BabyPing Secure Baby Monitor: The Popular New Kids on the Block

Posted on March 4 in Video Baby Monitor Reviews | 0 comments

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Babyping secure wifi baby monitor reviews

Wireless signals bounce round every room of today’s modern homes, and that includes the nursery.

Wi-Fi routers and cellular devices carry the bulk of those messages for communications and informational needs, but the BabyPing Secure Wi-Fi Baby Monitor is cutting in on the action by hooking into these signals to create a digital conduit between a slumbering baby and his or her concerned parents.

BabyPing is a Newcomer. Does it Pack Enough Punch to be a Good Baby Monitor Investment?

BabyPing Secure Wi-Fi Baby Monitor at a Glance

The BabyPing takes advantage of the network of Wi-Fi ones and zeros buzzing through the air by outfitting a 6.5 x 8.9 x 3 inch square camera module with wireless technology, a route many of the best baby monitor models on the market are taking to keep up with the advent of the mobile revolution.

The operational principle isn’t complicated, thank goodness. Instead, the design is engineered to adopt the Apple model of simple connectivity, hooking iPhones and iPads to the camera and associated electronics within the module with minimal effort.

Now, baby monitor reviews are full of monitors that take on this approach, but the BabyPing has narrowed its scope by sticking with the iOS platform.

On the one hand, this design is alienating Android users, but the packaging does clearly state the monitor is built for Apple devices, for a platform that has grown beyond all reckoning.

The downloadable App thus comes from the Apple store framework and no other operating system.

Demonstration of how BabyPing Secure baby monitor worksImage of BabyPing deployment in infant bedroom

It’s Made for Apple Users

This singular approach could be seen as a drawback, but the huge Apple base of users out there, and there are millions of them, can enjoy a list of top features as found only on premier baby monitor reviews.

There’s a high-quality video and audio component to relay from the BabyPing module to the App called up on your iPad or iPhone. Night vision is standard, a blessed addition and essential part of what could be one of the best baby monitor devices available today.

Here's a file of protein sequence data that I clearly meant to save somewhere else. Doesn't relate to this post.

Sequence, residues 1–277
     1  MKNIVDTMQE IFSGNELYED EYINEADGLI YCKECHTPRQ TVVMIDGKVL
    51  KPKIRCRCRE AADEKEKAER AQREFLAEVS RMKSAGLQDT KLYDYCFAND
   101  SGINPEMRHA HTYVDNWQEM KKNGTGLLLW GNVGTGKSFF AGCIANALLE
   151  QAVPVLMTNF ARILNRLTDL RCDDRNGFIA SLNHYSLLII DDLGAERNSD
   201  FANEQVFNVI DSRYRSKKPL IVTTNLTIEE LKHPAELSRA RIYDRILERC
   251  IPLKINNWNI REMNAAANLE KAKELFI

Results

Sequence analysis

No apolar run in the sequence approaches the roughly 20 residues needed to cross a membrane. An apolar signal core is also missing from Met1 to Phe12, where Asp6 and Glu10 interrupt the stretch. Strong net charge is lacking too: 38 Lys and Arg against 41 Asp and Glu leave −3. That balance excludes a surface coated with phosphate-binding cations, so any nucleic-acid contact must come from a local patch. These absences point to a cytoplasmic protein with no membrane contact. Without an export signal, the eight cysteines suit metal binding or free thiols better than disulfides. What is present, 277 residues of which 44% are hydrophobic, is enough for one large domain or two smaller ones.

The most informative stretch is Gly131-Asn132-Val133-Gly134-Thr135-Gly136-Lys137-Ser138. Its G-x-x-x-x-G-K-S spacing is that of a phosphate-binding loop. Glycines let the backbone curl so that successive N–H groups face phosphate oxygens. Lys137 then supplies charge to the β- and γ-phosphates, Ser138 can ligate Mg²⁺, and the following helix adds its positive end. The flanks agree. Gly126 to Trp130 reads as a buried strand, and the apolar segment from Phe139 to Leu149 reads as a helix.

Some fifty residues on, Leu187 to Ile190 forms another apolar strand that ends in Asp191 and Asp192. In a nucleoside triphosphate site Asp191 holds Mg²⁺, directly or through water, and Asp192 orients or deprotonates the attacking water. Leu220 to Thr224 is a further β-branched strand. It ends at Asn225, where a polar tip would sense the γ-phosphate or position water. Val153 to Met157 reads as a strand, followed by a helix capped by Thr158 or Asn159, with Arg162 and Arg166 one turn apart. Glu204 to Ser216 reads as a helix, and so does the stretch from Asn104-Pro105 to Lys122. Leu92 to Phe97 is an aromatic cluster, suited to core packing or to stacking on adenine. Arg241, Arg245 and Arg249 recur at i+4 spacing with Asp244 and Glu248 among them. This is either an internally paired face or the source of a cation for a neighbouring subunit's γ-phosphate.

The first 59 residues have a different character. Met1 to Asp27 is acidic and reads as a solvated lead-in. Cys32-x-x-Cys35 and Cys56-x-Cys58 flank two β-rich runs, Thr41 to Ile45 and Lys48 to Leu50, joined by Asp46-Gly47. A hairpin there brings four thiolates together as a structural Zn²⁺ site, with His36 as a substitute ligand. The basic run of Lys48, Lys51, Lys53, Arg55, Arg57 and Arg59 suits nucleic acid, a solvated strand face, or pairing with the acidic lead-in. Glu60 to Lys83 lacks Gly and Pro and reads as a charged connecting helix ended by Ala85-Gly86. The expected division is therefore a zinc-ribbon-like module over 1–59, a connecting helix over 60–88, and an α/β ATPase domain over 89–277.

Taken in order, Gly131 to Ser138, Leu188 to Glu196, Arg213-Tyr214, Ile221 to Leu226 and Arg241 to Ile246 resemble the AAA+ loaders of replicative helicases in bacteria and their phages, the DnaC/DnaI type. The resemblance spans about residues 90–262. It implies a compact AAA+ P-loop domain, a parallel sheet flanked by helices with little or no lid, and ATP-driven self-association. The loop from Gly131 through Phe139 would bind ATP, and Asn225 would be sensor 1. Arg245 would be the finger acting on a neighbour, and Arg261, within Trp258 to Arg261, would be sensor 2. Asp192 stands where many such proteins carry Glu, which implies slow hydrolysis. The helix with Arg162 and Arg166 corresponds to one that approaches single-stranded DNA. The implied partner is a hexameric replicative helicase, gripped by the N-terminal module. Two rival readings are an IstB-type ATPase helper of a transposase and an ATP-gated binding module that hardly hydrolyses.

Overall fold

Having said that, I have noticed a few more drawbacks worthy of mention. Stability is the name of the game here, a huge factor for anxious parents, and this unit has been known to be either unresponsive or slow to connect on a network.

Dropped connections abound, an issue that users will need to troubleshoot and resolve with a network check or a call to the the manufacturer’s helpline.

Picture of Junior design award winner for Babyping secure baby monitorProduct image of Babyping video baby monitor

Setting Up is a Breeze

Moving on from the connectivity issue, Wi-Fi hookups are a heavily featured part of the functionality of the BabyPing Secure Wi-Fi Baby Monitor, but the App is also designed for outdoor usage.

Leave baby with a teenage sitter and know he or she has that extra layer of care by checking the monitor on your iPhone while at a restaurant, all thanks to the internet connection, a connectivity model that works across 3G, 4G, and Wi-Fi hotspots.

I found the full color display sharp and detailed, the audio free of interference due to the built-in smart filter, but there was still the occasional dropped signal to deal with.

Thankfully, an alert system warned of dropped connections and the sound of crying also raised an alert, an invaluable feature in considering the best baby monitor.

Security Issue

Security is the final piece of the puzzle here, a revitalized segment for privacy in the baby monitor reviews arena. This security prevents prying eyes from cutting in to your precious bundles sleeping form and completes a well-rounded list of extras.

The setup is ridiculously easy, completed in five steps, the alerts tailor to the usage patterns of the owner of the App, and pricing is competitive.

Buy in confidence but balance the sound build of the module against those reported network issues.

Image credit Jessica Pankratz

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